Overlord (Xbox 360) review
"Have you ever dreamed of being an evil ruler with an army of underlings to do your bidding? For most of us, Overlord is as close as we can get to fulfill those twisted fantasies, and it generally does a pretty good job. At first glance, it appears as if Codemasters has created a straight-up adventure game, but the central focus on using your minion army to accomplish goals adds a strategic flavour to the game. This fusion results in an unusual and enjoyable style of gameplay, though it isn’t wit..."
Have you ever dreamed of being an evil ruler with an army of underlings to do your bidding? For most of us, Overlord is as close as we can get to fulfill those twisted fantasies, and it generally does a pretty good job. At first glance, it appears as if Codemasters has created a straight-up adventure game, but the central focus on using your minion army to accomplish goals adds a strategic flavour to the game. This fusion results in an unusual and enjoyable style of gameplay, though it isn’t without its share of control issues.
The old Overlord of evil met his demise to the seven legendary heroes, leaving the forces of darkness in disarray. You are the successor to the title of Overlord and it’s your responsibility to restore evil to its former glory. Although your base of operations is in bad shape, the Overlord’s trusted minions remain at your command. These gremlin-like creatures will pillage, plunder, and pummel at your command with a gleeful enthusiasm that is strangely endearing yet mildly disturbing. The minions are your key to restoring the dark tower and exacting revenge on the seven heroes.
Only the warrior-like brown minions are available at the start of the game, but you’ll have access to a further three types after a couple of hours play. The red minions have a powerful projectile attack and can absorb flames, the greens are immune to poison and have stealth abilities, and the blues can survive in water and revive other minions. Your minions will follow you around, but you can control them in many different ways. Moving the right stick allows you to “sweep” your minions, giving you direct control over their movement. This is handy to lead them down winding paths or to steer them out of harms way. If you want them to stay put, you can lay down a guard marker to keep them still, but they’ll attack anything that comes too close to the marker. Using minions to attack is as easy as sweeping them to the target or locking onto the target and hitting the right trigger. Your minions will return to you with the spoils of battle which can include gold, health potions, and life force (used to summon more minions). They’ll also help themselves to their fallen foes equipment (and sometimes make shift equipment like a pumpkin helmet!).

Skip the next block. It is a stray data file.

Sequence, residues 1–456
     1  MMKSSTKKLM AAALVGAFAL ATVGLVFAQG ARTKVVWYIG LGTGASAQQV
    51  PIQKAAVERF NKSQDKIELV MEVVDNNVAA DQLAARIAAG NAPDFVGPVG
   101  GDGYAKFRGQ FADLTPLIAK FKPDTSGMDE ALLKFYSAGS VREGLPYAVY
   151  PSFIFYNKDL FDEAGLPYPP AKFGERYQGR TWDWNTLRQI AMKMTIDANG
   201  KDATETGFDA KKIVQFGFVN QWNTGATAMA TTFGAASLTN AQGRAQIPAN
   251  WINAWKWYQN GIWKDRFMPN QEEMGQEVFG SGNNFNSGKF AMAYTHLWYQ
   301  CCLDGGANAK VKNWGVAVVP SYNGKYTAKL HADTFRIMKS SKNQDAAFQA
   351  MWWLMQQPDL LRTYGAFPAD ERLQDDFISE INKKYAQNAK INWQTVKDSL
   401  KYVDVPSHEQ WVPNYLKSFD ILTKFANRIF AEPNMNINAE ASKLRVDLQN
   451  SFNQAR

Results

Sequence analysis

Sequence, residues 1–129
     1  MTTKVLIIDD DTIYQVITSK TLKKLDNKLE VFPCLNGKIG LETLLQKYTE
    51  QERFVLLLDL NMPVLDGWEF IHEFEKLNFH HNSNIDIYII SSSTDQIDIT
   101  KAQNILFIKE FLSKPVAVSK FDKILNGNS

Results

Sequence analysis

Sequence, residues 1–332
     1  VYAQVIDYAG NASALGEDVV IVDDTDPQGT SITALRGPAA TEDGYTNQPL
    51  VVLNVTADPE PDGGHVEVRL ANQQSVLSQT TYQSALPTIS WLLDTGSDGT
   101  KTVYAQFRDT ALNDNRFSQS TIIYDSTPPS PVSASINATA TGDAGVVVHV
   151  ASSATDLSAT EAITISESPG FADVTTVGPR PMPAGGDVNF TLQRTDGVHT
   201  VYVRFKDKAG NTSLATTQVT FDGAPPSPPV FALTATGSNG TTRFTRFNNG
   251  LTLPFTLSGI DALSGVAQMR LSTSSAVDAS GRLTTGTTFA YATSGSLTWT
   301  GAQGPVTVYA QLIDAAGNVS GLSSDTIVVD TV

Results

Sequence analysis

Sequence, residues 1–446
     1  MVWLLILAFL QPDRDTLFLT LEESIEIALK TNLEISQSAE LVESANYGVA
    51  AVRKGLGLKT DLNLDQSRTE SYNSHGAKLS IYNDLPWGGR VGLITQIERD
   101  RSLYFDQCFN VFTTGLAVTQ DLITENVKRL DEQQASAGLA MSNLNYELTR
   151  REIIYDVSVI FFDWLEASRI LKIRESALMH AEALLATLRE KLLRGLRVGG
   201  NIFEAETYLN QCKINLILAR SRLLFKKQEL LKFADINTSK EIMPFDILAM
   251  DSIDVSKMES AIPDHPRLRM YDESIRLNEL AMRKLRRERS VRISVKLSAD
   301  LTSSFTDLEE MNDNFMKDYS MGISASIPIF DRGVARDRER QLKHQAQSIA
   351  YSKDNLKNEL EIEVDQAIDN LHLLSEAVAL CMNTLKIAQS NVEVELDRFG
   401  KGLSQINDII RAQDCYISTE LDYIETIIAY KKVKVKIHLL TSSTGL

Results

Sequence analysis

Overcoming puzzles consists of interacting with the environment to progress further. When you’re an Overlord, however, it’s down to your minions to do the heavy lifting for you! Objects you can interact with have a number to signify how many minions you need to perform the action. A simple switch may only require a couple of minions to activate, but pushing a stone to serve as a bridge will require more minion power. Naturally, the skills of each tribe come into play. Many sections require you to make use of the abilities of all the tribes to progress.
Ordering your minions around is great fun, but there is plenty of scope to strengthen yourself as the Overlord character. You can cast various spells to assist your minion marauders. You can conjure up fireballs to support them in battle, or you can cast a frenzy spell which will increase the strength and armour of your minions. There are various artefacts scattered around the world that increase your health, magic power, and the amount of minions you can command at once. In addition to this, there are smelters that can be found and transported back to your tower. From here, you can forge new weapons and armour and upgrade your current equipment by sacrificing minions.